I have mentioned the term “ya ya books” in previous posts. It means that a book you are reading is so good, so engrossing, that if anyone tries to speak to you while reading, all you can do is to flap one hand irritatedly at them, indicating that they should shut up immediately and go away.
“A Man Called Ove” is such a book. Written by Fredrik Backman, it is the story of one grumpy old Swedish guy, hidebound in his thinking, ideals, values, and in fact every aspect of life. He is much more than he seems, and his story encompasses so much–I found myself alternately laughing and weeping while reading it.
Mind you, it isn’t a really sad book, but a combination of things funny, sweet, endearing, heart-breaking, and poignant. Reading it is a lot like picking up an ugly chocolate by chance, and, because you don’t want to seem boorish for putting it back in the box, you bite into it…..and it’s the single best, most delicious, most unexpectedly amazing chocolate you’ve ever eaten.
Here’s a passage from the book that I just loved (and for your information, it’s on page 305):
“Loving someone is like moving into a house,” Sonja used to say. “At first you fall in love with all the new things, amazed that every morning that all this belongs to you, as if fearing that someone would suddenly come rushing in through the door to explain that a terrible mistake has been made, you weren’t actually supposed to live in a wonderful place like this. Then over the years the walls become weathered, the wood splinters here and there, and you start to love that house not so much because of its perfection, but rather for its imperfections. You get to know all the nooks and crannies. How to avoid getting the key caught in the lock when it’s cold outside. Which of the floorboards flex slightly when one steps on them or exactly how to open the wardrobe doors without them creaking. These are the little secrets that make it your home.”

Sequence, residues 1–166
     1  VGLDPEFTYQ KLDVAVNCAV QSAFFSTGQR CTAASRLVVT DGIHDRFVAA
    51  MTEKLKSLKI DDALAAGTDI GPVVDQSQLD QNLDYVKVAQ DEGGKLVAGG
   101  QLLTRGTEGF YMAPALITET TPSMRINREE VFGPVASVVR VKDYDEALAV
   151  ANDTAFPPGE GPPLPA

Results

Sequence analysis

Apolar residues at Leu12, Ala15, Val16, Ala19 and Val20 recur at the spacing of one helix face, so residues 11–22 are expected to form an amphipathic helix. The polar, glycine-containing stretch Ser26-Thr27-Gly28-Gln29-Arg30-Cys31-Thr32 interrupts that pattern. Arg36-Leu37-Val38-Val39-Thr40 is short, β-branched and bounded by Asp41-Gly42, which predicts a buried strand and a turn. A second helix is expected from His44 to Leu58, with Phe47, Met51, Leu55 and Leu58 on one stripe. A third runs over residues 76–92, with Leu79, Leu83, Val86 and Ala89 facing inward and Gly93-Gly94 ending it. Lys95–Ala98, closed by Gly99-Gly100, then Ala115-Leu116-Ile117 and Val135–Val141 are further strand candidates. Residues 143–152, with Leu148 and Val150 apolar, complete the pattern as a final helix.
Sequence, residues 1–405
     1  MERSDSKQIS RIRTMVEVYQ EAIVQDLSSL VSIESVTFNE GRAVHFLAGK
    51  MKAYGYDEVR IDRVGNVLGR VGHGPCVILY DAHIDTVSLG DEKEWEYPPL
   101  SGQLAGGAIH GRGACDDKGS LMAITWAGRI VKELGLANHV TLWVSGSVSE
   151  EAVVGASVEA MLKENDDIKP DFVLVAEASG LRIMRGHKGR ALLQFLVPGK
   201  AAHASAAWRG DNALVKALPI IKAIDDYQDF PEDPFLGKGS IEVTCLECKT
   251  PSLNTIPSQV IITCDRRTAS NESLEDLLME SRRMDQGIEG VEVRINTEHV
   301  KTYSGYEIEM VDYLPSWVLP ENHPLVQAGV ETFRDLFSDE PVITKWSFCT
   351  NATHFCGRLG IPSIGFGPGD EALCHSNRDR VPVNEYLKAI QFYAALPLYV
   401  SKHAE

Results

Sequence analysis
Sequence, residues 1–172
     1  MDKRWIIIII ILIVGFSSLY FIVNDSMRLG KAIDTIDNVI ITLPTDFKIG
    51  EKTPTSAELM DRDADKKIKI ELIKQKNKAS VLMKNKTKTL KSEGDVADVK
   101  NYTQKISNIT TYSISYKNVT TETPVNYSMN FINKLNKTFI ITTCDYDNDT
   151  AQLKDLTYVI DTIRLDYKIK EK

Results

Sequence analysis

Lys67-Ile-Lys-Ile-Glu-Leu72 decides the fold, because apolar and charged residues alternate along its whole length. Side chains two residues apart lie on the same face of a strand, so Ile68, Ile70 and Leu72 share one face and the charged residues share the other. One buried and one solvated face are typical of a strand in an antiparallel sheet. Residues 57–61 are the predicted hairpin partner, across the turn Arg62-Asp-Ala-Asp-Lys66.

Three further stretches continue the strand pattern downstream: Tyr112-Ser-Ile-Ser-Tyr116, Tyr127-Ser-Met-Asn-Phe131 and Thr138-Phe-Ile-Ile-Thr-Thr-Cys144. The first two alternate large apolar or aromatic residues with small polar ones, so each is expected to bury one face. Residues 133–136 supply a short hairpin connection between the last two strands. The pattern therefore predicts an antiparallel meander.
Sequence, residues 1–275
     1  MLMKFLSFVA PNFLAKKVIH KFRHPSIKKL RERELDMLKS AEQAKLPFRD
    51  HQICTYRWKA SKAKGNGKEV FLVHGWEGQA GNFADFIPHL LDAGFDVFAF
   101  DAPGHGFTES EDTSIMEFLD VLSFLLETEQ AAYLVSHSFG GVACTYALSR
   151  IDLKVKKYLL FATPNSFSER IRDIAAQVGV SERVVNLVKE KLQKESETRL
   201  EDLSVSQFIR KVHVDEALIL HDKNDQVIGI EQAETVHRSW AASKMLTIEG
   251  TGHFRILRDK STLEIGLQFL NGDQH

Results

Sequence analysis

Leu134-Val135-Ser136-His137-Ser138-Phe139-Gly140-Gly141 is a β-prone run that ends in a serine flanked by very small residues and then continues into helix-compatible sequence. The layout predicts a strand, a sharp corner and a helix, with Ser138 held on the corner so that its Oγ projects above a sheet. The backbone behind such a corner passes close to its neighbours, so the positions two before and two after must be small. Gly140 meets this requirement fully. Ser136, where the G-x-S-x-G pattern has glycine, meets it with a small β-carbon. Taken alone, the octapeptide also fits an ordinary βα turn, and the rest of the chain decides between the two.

If you are a dedicated reader as I am, books are your daily bread. When you become immersed in one that holds you captive page by page, it becomes part of you. It’s a lot like meeting someone for the first time; you’re not always sure that you’ll like them or be able to forge a friendship with them. But when you let them into your heart, they are there forever. They become part of who you are, and often they change the very map of your life.
This book sort of sinks into your soul and lingers there for as long as it takes for you to let it go. It is compelling because you want to stay with it and in it for as long as you can–but you still can’t wait to reach the last page. When you do, you may cry as much as I did because I didn’t want it to end.
After finishing the book, I feel as if I’ve met someone who became important to me, and now I never want them to leave. This book touched me so deeply that I need to wait a day or so to start a new one. I’m not finished living in “A Man Named Ove” yet.
Please read this book. It will change your life.